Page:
Christmas shoppers are warned to take extra caution over the coming fortnight, as yearly scam data and industry insights suggest a rampant increase in online fraud and scams leading into the holiday period.

So far, Australians have lost at least $526 million dollars to scams in 2022 – a figure only expected to climb amid the seasonal shopping frenzy of December.

According to data from Scamwatch, a website run by the Australian Competition and Consumer Commission (ACCC), December routinely sees the highest reported losses resulting from various scams.

In December 2021, Australians reported scams totalling over $43 million in losses, and saw an approximate 29 per cent increase in losses compared to November of that year – with the bulk of reported scams coming in the form of phishing and online shopping scams.

The Federal Government has warned Aussies to be "on guard" against scams leading up to the Summer break, particularly the elderly and other vulnerable groups who "may be experiencing loneliness".

"The Christmas shopping rush is a major opportunity for scammers looking to catch the unwary," said Assistant Treasurer and Minister for Financial Services, Stephen Jones.

"Simple safety techniques like never giving personal details over the phone, and avoiding clicking on suspicious links in text messages or emails, can help keep us all safe," he added.

According to the Government's Treasury, the top five scams to avoid this Christmas are:

  1. Online shopping scams: Beware fake toy shop or gift websites, typically posing as a new online retailer. These websites are often advertised on social media platforms, and exist to dupe consumers into providing credit card details, personal information and payment for false products.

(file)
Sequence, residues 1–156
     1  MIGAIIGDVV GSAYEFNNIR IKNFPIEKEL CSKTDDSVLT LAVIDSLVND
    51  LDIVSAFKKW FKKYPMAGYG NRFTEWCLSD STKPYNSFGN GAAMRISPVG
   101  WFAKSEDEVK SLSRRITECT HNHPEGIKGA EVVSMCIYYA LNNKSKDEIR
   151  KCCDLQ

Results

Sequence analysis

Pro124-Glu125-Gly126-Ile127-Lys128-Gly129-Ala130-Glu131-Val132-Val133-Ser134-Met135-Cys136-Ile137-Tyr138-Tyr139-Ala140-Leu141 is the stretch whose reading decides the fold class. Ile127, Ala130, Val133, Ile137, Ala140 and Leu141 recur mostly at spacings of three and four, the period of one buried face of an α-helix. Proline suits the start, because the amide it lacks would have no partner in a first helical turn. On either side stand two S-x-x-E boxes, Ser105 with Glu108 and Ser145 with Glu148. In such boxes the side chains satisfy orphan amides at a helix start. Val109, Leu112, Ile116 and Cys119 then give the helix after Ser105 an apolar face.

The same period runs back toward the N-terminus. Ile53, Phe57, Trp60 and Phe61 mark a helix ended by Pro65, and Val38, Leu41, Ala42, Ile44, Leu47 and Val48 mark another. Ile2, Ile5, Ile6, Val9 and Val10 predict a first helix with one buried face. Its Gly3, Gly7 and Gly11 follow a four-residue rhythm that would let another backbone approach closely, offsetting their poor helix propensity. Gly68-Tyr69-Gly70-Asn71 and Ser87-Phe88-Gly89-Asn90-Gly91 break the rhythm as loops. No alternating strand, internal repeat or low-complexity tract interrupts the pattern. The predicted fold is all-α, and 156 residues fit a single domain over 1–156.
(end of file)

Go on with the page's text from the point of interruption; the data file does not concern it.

2. Delivery / Parcel scams: These are SMS-based scams which send a fraudulent link to consumers under the false pretence of a parcel delivery. Clicking the link typically leads to a prompt for payment, personal information or a fraudulent download which can compromise your phone.
  3. Unwanted present scams: Scams which typically take form as fraudulent auction sites, wherein a scammer places an "unwanted present for sale" advertisement on classified websites, leading consumers to false purchases.
  4. "Hi Mum" scams: These scams impersonate a family member claiming to have lost their phone and acquired a new number, and then prompt the victim for further action such as payment or personal information.
  5. Puppy scams: Watch out for fake online puppy sales which, as the title suggests, offer the purchase of a puppy through typically unofficial channels. It may seem a niche scam vector, but Australians lost over $1.3 million to puppy scams in 2020 alone.

Banking company Westpac has also warned Australians to prepare for more scam calls in the lead-up to Christmas.

Following Black Friday sales, Westpac observed a "17 per cent uplift" in fraud-related calls – prompting the company to issue a statement on the coming holiday period.

"The festive season is a joyous time for most of us, but for scammers this is an opportunity to take advantage of the generous hearts and wallets of Australians," said Westpac General Manager of Financial Crime and Fraud Prevention, Chris Whittingham.

"This may include buying and selling scams with fake websites offering competitive deals, enticing many Australians who may be rethinking their household budgets amid cost-of-living pressures," said Whittingham.

"All Australians should take extra care when shopping online and be especially cautious of offers that may appear too good to be true, or that seek payment in new or unusual ways like through wire transfer, cryptocurrency or via instalments," he added.

Westpac also suggests use of a Digital Card when shopping online – a product which utilises a dynamic 3-digit CVC code which changes on a regular basis, and which Westpac says reduces fraud by 80 per cent compared to "static" cards.

For further advice on shopping safely during the holiday period, the Australian Cyber Security Centre offers the following secure online shopping checklist.